"Section 11 also specifies that the commission and the director shall not issue a permit until the commission has promulgated every rule required to be adopted by oil and gas bills enacted in 2019 and the rules have become effective."

However, the director of the commission will be able to issue permits if he or she finds that "the permit does not require additional analysis to ensure the protection of public health, safety and welfare or the environment or require additional local government or other state agency consultation."

Right now, the law allows an operator to have insurance coverage of $60,000 on 99 or fewer wells and of $100,000 on 100 or more wells. The new bill would change that completely:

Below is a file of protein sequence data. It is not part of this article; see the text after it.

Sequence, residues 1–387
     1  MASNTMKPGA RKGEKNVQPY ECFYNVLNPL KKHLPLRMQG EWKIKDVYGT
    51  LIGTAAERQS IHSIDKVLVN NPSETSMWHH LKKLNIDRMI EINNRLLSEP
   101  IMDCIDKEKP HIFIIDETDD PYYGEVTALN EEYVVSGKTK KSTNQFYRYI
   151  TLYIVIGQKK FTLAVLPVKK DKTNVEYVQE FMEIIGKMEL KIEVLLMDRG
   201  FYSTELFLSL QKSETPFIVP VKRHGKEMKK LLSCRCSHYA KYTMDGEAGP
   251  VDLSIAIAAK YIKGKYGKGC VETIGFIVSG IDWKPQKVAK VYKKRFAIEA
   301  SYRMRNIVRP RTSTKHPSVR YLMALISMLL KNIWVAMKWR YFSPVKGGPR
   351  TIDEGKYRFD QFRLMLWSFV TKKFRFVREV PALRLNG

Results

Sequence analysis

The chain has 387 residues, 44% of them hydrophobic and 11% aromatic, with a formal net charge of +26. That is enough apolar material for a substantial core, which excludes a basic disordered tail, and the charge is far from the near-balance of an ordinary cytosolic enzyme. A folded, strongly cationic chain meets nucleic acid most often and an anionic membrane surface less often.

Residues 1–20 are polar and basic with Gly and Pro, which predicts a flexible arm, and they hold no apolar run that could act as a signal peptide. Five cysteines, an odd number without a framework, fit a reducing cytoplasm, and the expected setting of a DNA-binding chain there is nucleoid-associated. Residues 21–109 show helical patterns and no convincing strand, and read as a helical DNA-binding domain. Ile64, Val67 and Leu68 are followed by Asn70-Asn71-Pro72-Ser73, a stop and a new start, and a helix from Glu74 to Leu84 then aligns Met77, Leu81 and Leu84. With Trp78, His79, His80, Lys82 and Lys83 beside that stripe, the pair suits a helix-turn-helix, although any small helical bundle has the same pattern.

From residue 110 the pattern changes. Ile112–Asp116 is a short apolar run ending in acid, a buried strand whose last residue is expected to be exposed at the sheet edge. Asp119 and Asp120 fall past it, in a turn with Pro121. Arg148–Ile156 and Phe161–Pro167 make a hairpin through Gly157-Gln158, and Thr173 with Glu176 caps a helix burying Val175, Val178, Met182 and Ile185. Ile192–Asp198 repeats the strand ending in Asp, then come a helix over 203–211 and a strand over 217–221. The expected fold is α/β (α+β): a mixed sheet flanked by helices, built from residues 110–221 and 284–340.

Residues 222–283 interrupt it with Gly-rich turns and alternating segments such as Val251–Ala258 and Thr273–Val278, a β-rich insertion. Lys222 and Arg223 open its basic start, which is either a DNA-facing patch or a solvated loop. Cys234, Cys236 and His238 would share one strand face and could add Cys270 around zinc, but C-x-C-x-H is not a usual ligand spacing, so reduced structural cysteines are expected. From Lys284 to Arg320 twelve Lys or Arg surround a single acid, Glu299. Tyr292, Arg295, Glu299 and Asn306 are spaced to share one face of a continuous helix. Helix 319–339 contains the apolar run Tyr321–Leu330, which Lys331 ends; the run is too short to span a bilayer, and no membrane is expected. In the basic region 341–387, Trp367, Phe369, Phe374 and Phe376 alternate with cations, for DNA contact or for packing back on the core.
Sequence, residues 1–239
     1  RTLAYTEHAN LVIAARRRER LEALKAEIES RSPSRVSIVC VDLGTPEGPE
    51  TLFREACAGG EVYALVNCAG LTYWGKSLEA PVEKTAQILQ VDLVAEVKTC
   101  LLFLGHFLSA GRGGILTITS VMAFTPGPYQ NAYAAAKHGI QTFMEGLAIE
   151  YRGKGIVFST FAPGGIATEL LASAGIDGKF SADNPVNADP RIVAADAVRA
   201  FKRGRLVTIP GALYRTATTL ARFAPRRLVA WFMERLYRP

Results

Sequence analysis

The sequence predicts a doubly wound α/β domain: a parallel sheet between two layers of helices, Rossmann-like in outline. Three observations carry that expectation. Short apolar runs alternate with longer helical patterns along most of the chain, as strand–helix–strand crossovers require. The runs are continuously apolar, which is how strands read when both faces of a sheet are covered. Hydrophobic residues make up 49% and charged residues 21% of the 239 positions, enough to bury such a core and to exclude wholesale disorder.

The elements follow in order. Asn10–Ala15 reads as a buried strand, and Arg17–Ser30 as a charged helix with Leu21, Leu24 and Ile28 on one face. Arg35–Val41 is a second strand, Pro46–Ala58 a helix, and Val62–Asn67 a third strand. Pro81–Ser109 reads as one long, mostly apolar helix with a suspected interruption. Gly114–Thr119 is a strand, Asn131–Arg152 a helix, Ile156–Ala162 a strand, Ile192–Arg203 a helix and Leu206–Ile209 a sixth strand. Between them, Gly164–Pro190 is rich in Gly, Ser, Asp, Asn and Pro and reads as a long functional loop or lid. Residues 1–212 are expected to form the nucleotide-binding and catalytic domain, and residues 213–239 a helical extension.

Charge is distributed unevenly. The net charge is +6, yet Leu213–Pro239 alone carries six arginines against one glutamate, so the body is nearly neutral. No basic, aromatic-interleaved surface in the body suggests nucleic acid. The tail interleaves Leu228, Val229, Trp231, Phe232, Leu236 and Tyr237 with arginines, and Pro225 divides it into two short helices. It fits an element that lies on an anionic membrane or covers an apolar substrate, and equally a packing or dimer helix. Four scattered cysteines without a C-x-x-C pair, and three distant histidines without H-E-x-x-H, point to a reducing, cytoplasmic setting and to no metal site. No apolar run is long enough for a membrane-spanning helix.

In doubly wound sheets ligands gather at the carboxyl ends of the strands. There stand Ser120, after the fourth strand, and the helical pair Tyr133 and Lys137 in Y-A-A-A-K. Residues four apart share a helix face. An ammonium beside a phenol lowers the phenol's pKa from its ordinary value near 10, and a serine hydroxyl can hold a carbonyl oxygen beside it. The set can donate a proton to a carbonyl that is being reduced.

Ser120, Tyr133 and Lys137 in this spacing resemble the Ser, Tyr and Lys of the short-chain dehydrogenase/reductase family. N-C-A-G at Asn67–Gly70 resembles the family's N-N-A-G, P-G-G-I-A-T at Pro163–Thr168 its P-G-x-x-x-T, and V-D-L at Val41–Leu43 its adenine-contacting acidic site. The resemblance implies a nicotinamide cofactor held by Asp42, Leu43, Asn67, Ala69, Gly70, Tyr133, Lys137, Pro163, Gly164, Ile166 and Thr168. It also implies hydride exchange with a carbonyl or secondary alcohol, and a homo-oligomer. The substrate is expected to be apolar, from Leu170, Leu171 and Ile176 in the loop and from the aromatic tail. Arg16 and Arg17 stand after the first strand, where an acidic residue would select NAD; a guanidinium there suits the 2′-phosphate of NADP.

"Section 11 directs the commission to adopt rules that require financial assurance sufficient to provide adequate coverage for all applicable requirements of the Act." 

In layman's terms: each operator would be required to have coverage that would be able to pay for every new requirement or previous requirement for his or her oil and gas wells.

Part four of Section 11 focuses on permitting fees. Instead of the current rules that cap fees at $200 or $100, the bill would eliminate the cap and would then require the commission to set new fee rates that would cover its costs. 

Current law gives the commission the authority to regulate any and all things related to oil and gas operations to prevent "significant adverse environmental impacts to the extent necessary to protect public health."